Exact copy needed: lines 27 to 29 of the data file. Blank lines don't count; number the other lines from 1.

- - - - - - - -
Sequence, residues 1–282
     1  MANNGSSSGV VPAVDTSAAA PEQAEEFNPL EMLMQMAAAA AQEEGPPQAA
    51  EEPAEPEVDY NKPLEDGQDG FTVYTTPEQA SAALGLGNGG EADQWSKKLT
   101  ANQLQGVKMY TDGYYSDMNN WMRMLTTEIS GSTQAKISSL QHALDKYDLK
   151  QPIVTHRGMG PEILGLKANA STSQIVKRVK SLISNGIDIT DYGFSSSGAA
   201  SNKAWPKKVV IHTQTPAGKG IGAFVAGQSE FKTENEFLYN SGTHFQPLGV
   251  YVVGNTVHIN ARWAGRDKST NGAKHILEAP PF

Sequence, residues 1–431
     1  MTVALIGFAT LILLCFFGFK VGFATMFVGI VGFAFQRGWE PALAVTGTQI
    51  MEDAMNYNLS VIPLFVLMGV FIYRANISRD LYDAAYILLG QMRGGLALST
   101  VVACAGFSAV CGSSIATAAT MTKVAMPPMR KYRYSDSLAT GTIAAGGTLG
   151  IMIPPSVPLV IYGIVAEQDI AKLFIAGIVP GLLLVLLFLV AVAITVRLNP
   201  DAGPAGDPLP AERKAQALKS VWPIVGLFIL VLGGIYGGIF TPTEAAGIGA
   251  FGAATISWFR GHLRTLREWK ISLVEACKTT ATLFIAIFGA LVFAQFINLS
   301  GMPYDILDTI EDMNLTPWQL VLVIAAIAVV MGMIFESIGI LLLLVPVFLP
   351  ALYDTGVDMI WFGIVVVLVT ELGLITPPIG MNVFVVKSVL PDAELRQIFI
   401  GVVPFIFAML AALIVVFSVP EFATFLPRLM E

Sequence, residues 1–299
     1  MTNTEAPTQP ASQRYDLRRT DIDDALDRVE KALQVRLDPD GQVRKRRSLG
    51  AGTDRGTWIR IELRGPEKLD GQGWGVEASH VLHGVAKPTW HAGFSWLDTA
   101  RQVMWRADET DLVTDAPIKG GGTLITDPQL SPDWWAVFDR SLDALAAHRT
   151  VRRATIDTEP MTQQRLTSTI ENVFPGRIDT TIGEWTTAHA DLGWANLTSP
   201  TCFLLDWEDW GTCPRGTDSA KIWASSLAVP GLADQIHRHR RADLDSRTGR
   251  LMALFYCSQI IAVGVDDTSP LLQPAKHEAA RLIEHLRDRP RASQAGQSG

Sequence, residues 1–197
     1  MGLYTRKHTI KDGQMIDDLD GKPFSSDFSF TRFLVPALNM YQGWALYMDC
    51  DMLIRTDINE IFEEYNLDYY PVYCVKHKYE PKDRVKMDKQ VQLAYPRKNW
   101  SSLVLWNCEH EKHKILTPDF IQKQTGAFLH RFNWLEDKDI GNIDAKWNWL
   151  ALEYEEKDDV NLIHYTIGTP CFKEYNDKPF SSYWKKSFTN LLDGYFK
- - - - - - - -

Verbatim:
    51  DMLIRTDINE IFEEYNLDYY PVYCVKHKYE PKDRVKMDKQ VQLAYPRKNW
   101  SSLVLWNCEH EKHKILTPDF IQKQTGAFLH RFNWLEDKDI GNIDAKWNWL
   151  ALEYEEKDDV NLIHYTIGTP CFKEYNDKPF SSYWKKSFTN LLDGYFK